Apple, Google, and Microsoft want to offer passwordless sign-in on all major platforms in the near future

Apple, Google, and Microsoft said Thursday morning that they will work together to establish support for passwordless sign-in across all of their mobile, desktop, and browser platforms in the coming year. This effectively means that passwordless authentication will be available in the not-too-distant future for all major device platforms, including Android and iOS mobile operating systems, Chrome, Edge, and Safari browsers, and Windows and macOS desktop environments.

According to a blog post published Thursday by Google, a passwordless login method will allow users to use their phones as the primary authentication device for apps, websites, and other digital services. Unlocking the phone with whatever action is set as the default — entering a PIN, drawing a pattern, or using fingerprint unlock — will then be sufficient to sign in to web services without the need to ever enter a password, made possible by the use of a unique cryptographic token called a passkey that is shared between the phone and the website.

The notion is that by making logins dependent on a physical device, users will benefit from both ease and security. Without a password, there is no need to remember login information across services or risk compromising security by reusing the same password in various places. Similarly, because signing in requires access to a physical device, a passwordless system makes it much more difficult for hackers to compromise login details remotely; and, theoretically, phishing attacks in which users are directed to a fake website for password capture will be much more difficult to mount.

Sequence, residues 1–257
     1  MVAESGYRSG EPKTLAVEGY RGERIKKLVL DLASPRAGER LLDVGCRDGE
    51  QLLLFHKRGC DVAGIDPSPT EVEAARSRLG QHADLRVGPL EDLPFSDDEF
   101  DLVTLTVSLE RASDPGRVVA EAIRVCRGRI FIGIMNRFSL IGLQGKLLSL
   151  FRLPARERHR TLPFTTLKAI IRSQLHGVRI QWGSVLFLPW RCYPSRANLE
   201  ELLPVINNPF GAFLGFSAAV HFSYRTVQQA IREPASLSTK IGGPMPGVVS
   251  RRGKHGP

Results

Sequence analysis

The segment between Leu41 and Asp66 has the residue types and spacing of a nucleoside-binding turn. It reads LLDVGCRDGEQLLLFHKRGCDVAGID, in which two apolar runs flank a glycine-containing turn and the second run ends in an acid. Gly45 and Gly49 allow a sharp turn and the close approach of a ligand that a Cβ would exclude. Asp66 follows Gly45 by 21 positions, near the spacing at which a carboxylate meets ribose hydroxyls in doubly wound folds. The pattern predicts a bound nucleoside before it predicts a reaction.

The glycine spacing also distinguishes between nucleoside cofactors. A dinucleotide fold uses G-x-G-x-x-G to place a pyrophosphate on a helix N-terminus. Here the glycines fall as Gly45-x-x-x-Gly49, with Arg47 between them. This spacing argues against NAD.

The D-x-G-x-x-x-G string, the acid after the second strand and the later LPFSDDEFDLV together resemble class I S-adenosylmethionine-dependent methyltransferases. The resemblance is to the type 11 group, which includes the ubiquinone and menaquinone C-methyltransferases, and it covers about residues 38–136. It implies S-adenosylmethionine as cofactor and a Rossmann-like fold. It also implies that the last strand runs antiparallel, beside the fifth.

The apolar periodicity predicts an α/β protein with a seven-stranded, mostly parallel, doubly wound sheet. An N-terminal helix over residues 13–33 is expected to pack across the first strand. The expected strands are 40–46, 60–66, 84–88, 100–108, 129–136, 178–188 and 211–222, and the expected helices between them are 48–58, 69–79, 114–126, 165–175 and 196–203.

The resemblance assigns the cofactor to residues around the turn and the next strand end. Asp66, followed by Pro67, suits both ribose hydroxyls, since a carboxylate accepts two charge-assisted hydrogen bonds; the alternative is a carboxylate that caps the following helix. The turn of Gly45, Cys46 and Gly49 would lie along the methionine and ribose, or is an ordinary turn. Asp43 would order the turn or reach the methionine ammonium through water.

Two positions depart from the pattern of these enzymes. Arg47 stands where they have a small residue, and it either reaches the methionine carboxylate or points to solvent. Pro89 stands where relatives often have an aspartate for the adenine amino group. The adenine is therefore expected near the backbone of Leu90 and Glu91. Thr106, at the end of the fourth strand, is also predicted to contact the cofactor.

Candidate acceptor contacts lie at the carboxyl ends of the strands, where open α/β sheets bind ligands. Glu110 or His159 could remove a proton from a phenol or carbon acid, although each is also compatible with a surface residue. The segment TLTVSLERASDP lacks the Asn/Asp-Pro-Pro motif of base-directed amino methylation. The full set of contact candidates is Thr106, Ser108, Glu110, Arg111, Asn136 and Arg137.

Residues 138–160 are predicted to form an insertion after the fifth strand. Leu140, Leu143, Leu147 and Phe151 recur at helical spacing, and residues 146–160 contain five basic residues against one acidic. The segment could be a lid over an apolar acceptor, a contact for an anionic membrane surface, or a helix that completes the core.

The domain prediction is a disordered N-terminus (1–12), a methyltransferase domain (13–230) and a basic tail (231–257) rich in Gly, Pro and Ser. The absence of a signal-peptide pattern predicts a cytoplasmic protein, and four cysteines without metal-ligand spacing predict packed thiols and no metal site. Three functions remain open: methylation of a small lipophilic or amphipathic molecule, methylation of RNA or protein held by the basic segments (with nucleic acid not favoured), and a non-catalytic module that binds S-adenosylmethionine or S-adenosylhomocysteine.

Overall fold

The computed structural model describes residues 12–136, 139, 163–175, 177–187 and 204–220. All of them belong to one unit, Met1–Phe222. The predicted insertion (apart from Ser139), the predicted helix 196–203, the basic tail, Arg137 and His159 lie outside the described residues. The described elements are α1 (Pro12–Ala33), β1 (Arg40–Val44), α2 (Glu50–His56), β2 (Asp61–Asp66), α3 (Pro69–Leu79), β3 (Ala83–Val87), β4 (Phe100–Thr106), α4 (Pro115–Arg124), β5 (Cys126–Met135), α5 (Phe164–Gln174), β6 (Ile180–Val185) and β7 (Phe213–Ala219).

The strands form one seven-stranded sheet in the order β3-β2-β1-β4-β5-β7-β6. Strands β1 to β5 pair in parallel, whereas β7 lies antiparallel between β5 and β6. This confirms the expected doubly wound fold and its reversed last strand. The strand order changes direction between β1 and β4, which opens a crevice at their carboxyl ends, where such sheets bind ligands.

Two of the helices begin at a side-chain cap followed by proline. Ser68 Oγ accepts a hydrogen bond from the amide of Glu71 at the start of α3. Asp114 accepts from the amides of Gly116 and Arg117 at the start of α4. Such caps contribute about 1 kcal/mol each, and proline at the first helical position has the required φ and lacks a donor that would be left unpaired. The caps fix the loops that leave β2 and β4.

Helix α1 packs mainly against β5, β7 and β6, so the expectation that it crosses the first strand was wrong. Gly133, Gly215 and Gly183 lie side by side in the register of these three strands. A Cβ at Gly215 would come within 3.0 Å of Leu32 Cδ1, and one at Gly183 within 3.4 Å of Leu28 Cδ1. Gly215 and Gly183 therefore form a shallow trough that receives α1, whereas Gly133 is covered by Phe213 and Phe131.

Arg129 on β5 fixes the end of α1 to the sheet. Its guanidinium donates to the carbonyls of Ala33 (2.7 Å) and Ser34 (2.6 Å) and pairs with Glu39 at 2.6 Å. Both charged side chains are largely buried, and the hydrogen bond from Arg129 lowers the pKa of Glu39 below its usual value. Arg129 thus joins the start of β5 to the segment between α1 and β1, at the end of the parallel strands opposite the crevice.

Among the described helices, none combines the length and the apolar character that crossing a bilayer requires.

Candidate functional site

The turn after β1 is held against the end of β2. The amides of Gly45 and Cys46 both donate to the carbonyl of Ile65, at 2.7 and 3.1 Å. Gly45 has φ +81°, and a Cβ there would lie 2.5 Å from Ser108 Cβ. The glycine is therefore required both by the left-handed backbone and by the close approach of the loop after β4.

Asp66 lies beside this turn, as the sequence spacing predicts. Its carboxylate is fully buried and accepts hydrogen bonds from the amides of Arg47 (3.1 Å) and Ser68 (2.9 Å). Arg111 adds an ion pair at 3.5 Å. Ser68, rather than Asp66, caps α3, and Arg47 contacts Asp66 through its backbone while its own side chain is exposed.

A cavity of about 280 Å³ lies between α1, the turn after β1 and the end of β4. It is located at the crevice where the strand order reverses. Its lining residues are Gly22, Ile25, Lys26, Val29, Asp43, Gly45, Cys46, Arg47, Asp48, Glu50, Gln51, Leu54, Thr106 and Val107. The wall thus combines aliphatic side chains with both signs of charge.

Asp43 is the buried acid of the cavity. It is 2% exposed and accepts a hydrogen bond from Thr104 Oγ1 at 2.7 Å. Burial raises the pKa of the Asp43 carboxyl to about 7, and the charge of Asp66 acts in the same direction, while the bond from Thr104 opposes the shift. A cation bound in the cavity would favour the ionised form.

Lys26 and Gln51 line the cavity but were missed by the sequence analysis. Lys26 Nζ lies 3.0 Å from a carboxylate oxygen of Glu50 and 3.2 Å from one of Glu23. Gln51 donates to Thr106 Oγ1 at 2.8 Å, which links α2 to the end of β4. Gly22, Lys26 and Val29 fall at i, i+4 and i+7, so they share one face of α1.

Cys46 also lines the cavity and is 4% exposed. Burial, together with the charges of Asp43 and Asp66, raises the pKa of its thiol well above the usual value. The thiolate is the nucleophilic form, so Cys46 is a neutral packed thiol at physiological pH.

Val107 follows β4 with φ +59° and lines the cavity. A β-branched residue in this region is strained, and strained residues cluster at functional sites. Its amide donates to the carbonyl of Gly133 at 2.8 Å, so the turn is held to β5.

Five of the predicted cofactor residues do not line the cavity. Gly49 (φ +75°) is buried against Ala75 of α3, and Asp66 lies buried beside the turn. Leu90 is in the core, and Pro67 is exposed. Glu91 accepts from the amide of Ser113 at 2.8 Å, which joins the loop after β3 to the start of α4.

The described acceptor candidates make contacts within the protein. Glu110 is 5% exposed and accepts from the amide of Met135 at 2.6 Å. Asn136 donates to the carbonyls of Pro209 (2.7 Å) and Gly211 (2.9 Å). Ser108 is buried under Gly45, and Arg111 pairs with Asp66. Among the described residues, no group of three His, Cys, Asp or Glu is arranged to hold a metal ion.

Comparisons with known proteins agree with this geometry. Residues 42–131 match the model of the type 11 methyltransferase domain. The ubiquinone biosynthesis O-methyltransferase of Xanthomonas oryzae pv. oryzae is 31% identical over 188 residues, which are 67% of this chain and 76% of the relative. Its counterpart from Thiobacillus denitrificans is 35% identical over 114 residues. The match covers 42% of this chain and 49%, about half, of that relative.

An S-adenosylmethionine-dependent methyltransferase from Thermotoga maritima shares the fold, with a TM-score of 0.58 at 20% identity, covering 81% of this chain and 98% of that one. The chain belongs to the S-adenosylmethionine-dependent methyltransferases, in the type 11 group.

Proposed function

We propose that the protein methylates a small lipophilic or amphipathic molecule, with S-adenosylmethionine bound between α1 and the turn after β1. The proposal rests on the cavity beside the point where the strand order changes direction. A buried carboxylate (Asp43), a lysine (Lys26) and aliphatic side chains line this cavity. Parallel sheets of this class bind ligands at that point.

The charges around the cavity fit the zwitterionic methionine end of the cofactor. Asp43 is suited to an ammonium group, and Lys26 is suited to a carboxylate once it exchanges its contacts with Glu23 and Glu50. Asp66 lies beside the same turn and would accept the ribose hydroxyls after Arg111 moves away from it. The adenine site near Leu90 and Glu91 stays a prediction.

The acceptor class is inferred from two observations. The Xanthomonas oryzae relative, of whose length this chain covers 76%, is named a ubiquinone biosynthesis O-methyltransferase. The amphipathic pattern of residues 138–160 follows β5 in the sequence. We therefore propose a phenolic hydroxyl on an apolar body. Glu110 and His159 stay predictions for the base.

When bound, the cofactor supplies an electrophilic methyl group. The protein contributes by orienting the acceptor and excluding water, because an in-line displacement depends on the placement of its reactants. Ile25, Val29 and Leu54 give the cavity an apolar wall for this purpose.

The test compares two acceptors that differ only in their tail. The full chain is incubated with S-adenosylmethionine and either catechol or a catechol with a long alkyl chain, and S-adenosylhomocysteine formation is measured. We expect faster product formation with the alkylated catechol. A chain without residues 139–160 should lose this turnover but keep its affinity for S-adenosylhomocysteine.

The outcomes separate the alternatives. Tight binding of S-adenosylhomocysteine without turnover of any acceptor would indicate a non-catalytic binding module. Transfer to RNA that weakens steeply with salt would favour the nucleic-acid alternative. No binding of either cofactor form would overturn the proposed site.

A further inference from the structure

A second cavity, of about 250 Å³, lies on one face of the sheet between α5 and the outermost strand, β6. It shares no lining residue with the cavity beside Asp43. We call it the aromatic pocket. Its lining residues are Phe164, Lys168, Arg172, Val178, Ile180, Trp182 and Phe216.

The cross-platform feature is enabled via the FIDO standard, which employs public-key cryptography principles to provide passwordless login and multi-factor authentication in a variety of settings. When a user’s phone is unlocked, it can store a unique FIDO-compliant passkey and share it with a website for authentication. Passkeys may also be simply synchronized to a new device from cloud backup in the event that a phone is misplaced, according to Google’s website.

So far, Apple, Google, and Microsoft have all stated that the new sign-in capabilities will be accessible across platforms within the next year, though no precise timeline has been given. Although the effort to kill the password has been ongoing for years, there are indicators that it may have finally succeeded this time.